Comparable concentrations of virus DNA were detected using PCR analysis of liver homogenates (intravenous administration) 3 hours after treatment with either 01/PEME or A/C/N/53 by the intravenous route. See FIG. 21. But, while virus DNA concentrations decreased over time in the A/C/N/53 group, virus DNA concentrations remained elevated in the 01/PEME treatment group. As expected, less virus DNA was detected in the liver following intratumoral treatment, though concentrations were higher in the 01/PEME group. Immunohistochemistry showed E1a protein, but not hexon protein, in hepatocytes of the 01/PEME treated animals demonstrating adenovirus expression of early viral proteins in mouse liver. A moderate amount of E1a expressing cells (intravenous route) or minimal expression (intratumoral route) in all liver samples harvested at 2, 8, or 22 days after treatment indicated the systemic distribution of infectious virus particles originating from the tumor tissue.

Analysis of blood showed that in contrast to the A/C/N/53 treated groups, in animals treated with 01/PEME virus DNA remained elevated until study end, day 22. See FIG. 22. This suggests that replication of virus in tumor tissue could be monitored by quantification of virus DNA into the blood stream due to apparent leakage of the virus from the tumor site. Comparable indication of replication was observed in the intratumoral treatment group (01/PEME) showing increasing blood virus DNA concentrations from three hours after treatment to two days, followed by persistent elevated virus DNA concentrations.

In summary, an intravenous bolus of 01/PEME was delivered mainly to the liver, but also to tumor tissue in sufficient amounts to support replication such that DNA levels in the tumor tissue to achieve tumor DNA concentrations similar to those obtained with the same dose of 01/PEME injected directly into the tumor. Intratumoral virus replication caused virus to leak into the bloodstream. Analysis of blood concentrations of virus DNA after treatment may be useful as a method to monitor virus replication in clinical studies.

Responses of the host to the introduction of E1a deleted Ad vectors is studied extensively and dependent on the dose of virus, the site of delivery, and the genetic make up of the vector. For example, when administered intravenously into mice, the vast majority of Ad is localized in the liver (Worgall, et al. (1997) Human Gene Therapy 8:37-44). But, when administered intratracheally, lung tissue is infected (Minter, et al. (2000) J. Immunol. 164:443-51). However, independent of the infected tissue, side effects are attributed to the rapid clearance by cellular immune responses including CD8+ and CD4+ cytotoxic T-cells (Kass-Eisler, et al. (1994) Gene Ther 1:395-402; Yang, et al. (1994) Immunity 1:433-42; Schnell, et al. (2001). Mol. Ther. 3:708-22; Tao, et al. (2001). Mol Ther 2001; 3:28-35; Alemany, et al. (2000) J. Gen. Virol. 81:2605-9). Because human replicating adenoviruses infect rodent cells, especially liver tissue (Duncan, et al. (1978) J. Gen. Virol. 40:45-61.), but do not undergo complete replication, the predictive validity of rodent models for toxicity in man is difficult. The availability of various immunodeficient mouse strains allows assessment of pathologic responses to adenoviral early protein expression independent from the immune system mediated clearance. We therefore evaluated the impact of viral protein expression on liver toxic effects in mice.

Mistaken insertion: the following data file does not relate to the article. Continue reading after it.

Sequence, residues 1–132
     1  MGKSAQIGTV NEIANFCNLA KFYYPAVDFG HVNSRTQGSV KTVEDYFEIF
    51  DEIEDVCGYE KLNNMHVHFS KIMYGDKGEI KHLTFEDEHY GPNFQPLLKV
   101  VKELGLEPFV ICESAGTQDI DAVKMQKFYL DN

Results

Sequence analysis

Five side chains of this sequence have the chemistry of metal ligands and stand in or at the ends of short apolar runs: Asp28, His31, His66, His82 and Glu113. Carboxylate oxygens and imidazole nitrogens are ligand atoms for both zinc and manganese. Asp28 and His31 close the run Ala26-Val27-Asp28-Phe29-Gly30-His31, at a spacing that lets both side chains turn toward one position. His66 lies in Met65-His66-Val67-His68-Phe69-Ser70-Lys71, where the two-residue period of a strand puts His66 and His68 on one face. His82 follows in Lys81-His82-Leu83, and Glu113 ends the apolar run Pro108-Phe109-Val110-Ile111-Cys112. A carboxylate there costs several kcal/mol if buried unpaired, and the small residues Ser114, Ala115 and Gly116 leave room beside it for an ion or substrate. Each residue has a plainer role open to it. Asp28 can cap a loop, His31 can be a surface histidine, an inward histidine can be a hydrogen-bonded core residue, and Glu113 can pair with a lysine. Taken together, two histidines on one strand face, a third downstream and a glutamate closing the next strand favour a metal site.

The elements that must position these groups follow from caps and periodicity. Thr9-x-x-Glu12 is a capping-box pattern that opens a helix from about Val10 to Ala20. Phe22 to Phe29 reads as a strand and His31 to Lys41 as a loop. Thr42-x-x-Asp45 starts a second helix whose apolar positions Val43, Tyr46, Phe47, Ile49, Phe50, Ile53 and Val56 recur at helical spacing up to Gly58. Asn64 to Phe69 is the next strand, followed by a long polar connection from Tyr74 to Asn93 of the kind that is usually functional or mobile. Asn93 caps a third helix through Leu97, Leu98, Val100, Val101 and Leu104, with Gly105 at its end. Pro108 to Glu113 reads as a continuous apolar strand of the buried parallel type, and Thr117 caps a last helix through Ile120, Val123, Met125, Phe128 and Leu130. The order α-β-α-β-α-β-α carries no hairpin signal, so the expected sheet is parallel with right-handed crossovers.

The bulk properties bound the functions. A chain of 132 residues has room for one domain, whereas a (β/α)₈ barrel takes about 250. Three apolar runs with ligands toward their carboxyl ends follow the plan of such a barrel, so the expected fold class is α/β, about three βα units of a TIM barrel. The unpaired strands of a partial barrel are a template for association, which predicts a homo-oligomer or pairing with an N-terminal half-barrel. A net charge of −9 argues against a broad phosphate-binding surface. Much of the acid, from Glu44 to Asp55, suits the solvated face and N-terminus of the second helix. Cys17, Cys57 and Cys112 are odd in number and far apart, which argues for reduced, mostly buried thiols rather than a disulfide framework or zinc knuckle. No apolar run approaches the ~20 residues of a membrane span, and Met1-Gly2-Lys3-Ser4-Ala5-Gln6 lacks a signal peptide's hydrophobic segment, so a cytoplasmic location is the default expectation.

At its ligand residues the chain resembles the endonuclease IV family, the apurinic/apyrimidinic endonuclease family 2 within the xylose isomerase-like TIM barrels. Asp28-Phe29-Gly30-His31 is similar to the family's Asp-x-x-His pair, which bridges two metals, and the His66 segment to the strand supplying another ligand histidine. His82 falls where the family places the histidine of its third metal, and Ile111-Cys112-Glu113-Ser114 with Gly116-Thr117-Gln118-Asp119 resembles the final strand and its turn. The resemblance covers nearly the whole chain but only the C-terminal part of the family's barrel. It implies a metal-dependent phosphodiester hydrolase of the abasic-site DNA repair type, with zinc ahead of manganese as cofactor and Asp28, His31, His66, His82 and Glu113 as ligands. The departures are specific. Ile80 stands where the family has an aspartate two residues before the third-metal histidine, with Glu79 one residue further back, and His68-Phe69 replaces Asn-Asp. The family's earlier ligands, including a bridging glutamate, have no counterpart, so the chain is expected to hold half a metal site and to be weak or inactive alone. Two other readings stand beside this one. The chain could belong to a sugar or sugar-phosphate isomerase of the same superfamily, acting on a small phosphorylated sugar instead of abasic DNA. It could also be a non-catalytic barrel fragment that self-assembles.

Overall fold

Different mouse strains, including female BALB/c mice, female nude mice, or female SCID/beige mice were used. PB55, a replicating adenovirus, similar to dl1520 (Wheeler, et al. (2001). J. Leukoc. Biol. 69:622-30), with a deletion in the E1b55k gene, was injected into the tail vein using a dose of 1×1010 particles/animal. Animals were sacrificed 24 hours, after treatment. The livers were harvested, fixed in formalin, and serial sections evaluated for pathology (hematoxylin and eosin) or E1a expression (immunohistochemistry).

BALB/c mice and nude mice tolerated intravenous treatment with the replication competent E1b deleted adenovirus construct (PB55) very well. No liver damage was detected in the BALB/c mice and only mild foci of liver necrosis were detected in the nude mice. In contrast, treatment of SCID/beige mice resulted in death of the animals within 24 hours after treatment caused by severe liver necrosis. Liver necrosis was seen also after high doses of A/C/N/53 (Nielsen, et al. (1998) Human Gene Therapy 9:681-94). E1a staining revealed abundant E1a expression in hepatocytes of SCID/beige mice, while only minimal E1a expression was detected in the liver sections of nude mice, and no expression detected in the livers of BALB/c mice. Since most E1a expression was detected in the livers of SCID/beige mice this mouse strain was chosen for further tolerability studies.

TABLE 7
Mouse Strain Background Properties
genetic immune res- liver E1a-
strain background ponses to rAd pathology expression
BALB/c immune complete no visible
competent immune pathology
response
nude T-cell deficient B/NK cell no visible +
responses pathology
SCID/beige T, B, and NK macrophages severe +++
cell deficient hemorrhagic
liver necrosis

The different mouse strains were injected with a single bolus of PB55 (1×1010 particles/animal); liver tissue was harvested 24 hours for pathologic evaluation; sections were also evaluated for E1a by immunohistochemistry. E1a positive cells were scored: (−) no E1a positive cell detected; (+) minimal number of cells detected; (++) multiple cells detected; (+++) abundant cells positive for E1a.